Pain Self-Efficacy Questionnaire (PSEQ)

The Pain Self-Efficacy Questionnaire (PSEQ) is a 10-item questionnaire, developed to assess the confidence people with ongoing pain have in performing activities while in pain. The PSEQ is applicable to all persisting pain presentation. It covers a range of functions, including household chores, socialising, work, as well as coping with pain without medication. It takes two minutes to complete.

Internal consistency is high (0.92 Cronbach’s alpha) and test-retest reliability is high of a 3-month period. Validity is reflected in high correlations with measures of pain-related disability, different coping strategies, and another more activity-specific measure of self-efficacy beliefs, the Self-Efficacy Scale. The evidence of the PSEQ’s sensitivity to change provides support for its construct validity.

Vong et., (2009) conducted a validation study using a Chinese sample with a mean age of the 120 participants (39 men, 81 women) was 41.9 years. The mean duration of pain was 31 months. The pain locations included the lower back (n=47, 38.3%), neck (n=11, 9.2%), shoulder (n=10, 8.3%), knee (n=8, 6.7%), foot (n=8, 6.7%), wrist (n=3, 2.5%), and other areas (n=14, 11.6%). Among the participants, the mean of total Chinese Pain Self- Efficacy Questionnaire score was 40.1 (SD 11.0). It demonstrated good internal consistency reliability and construct-related validity.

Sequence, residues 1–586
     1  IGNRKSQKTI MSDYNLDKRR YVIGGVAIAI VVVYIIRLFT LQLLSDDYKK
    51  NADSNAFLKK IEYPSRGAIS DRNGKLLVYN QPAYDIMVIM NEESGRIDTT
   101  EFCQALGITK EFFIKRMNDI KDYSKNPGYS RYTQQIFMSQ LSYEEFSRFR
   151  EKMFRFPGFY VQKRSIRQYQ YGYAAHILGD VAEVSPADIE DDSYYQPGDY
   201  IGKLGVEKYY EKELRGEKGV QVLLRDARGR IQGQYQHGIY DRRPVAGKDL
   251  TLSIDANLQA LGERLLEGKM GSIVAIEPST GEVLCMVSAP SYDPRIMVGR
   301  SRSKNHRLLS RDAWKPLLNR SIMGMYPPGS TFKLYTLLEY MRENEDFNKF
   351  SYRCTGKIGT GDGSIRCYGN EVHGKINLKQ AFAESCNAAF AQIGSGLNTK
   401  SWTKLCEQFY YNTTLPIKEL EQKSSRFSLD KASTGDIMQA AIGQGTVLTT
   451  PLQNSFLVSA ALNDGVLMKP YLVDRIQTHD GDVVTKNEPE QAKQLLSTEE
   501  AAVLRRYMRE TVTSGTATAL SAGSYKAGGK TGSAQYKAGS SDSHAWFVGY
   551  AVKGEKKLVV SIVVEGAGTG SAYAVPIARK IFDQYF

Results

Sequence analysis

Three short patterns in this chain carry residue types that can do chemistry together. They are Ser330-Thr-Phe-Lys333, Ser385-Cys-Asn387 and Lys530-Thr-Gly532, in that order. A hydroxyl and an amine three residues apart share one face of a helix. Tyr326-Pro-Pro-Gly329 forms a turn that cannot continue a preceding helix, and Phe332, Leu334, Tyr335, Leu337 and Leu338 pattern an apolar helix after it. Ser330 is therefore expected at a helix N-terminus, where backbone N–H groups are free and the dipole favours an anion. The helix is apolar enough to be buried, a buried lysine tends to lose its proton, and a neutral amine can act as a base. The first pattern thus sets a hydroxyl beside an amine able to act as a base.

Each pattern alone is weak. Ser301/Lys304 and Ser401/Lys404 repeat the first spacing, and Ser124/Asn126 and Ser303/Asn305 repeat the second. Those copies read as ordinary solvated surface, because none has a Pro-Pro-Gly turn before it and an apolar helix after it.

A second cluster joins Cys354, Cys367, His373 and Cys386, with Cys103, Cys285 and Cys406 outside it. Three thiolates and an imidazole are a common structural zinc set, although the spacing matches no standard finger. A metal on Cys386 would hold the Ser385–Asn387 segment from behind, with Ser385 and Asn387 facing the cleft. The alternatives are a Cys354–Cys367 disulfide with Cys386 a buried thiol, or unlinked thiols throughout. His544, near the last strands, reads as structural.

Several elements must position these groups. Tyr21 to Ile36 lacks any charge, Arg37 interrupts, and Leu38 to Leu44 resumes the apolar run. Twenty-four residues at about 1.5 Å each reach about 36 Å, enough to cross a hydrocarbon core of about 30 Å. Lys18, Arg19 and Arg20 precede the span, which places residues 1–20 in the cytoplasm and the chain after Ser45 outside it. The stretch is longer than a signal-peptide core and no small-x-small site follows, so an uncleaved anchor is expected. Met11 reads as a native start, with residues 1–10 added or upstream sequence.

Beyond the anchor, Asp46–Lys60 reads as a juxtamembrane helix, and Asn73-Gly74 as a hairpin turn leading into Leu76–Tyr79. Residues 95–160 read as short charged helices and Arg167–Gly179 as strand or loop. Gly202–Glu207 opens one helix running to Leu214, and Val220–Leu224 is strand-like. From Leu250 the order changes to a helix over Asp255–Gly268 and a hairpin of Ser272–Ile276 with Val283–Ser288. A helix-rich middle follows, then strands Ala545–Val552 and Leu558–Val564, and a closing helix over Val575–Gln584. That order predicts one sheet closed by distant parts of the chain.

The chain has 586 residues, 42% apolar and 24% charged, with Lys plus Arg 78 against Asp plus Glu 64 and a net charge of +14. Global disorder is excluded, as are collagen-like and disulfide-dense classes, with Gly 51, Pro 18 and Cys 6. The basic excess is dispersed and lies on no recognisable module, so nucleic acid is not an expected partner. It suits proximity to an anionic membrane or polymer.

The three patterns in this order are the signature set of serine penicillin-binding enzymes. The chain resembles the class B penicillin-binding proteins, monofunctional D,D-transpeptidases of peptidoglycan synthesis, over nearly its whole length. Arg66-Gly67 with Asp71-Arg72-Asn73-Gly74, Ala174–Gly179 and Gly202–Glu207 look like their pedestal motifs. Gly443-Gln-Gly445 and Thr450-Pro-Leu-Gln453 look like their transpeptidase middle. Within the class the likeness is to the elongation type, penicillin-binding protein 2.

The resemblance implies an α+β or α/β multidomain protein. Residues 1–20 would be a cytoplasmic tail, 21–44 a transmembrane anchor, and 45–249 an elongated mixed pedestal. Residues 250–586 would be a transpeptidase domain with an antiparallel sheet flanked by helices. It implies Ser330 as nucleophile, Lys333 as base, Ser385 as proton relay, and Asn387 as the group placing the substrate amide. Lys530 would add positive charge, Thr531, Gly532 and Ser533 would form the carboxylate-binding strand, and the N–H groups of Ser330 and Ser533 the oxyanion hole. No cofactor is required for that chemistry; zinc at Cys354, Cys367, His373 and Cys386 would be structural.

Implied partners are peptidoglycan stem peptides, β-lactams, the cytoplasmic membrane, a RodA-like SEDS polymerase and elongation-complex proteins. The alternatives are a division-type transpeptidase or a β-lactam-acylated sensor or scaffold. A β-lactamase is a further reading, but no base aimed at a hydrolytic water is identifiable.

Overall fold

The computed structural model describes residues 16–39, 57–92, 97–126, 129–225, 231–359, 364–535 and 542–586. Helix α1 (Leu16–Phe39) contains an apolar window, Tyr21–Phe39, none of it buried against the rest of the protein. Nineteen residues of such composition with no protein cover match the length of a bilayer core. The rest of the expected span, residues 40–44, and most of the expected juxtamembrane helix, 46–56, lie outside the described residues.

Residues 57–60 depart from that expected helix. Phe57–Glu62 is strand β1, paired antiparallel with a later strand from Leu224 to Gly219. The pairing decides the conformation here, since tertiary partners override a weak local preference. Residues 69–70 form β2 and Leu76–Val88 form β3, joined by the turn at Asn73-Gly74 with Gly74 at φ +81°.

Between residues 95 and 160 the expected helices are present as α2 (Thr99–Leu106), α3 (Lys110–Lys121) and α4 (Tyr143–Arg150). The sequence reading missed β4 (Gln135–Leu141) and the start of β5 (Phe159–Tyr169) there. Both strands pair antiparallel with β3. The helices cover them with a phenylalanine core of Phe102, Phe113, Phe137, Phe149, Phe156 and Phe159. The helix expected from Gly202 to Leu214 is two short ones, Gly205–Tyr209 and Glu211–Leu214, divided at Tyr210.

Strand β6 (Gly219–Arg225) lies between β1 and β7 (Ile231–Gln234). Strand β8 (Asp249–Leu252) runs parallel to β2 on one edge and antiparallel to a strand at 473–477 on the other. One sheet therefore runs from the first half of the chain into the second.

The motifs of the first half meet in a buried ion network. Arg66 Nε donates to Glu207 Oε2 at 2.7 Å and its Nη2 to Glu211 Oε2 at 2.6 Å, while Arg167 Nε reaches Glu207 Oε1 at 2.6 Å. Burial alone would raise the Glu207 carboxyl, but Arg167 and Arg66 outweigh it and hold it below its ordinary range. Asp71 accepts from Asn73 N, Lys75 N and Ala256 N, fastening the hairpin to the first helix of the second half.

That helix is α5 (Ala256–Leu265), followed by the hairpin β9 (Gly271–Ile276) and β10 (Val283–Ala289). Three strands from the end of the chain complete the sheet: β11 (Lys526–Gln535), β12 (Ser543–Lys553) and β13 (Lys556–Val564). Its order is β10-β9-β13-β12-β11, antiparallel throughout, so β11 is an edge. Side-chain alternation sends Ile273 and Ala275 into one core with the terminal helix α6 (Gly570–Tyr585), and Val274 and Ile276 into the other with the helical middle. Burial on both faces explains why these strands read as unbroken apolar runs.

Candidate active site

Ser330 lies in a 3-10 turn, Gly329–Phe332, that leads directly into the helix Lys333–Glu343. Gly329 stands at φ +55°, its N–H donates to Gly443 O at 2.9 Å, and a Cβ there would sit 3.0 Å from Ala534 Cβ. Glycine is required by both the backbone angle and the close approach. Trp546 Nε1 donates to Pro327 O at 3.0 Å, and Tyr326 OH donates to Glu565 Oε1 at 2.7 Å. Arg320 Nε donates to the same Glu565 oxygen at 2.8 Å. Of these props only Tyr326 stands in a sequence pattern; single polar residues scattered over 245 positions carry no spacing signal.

Scores can range from 0 – 60 and is done by simple addition. High PSEQ scores are strongly associated with clinically-significant functional levels and provide a useful gauge for evaluating outcomes in chronic pain patients. Scores around 40, as found in injured workers who returned to work (Cohen et al, 2000; Adams and Williams, 2003) are associated with return to work and maintenance of functional gains, whilst lower scores after treatment (e.g., 30) tend to predict less sustainable gains (Couglan et al, 1995). Results consist of the total raw score and a percentile score derived from a chronic pain sample by Vong et al., (2009), where the mean score was 40.1 (SD=11.0). Higher scores (and a higher percentile) represent lower confidence to function with pain.

Nicholas, M. K. (2007). The pain self-efficacy questionnaire: Taking pain into account. European Journal of Pain, 11(2), 153-163.

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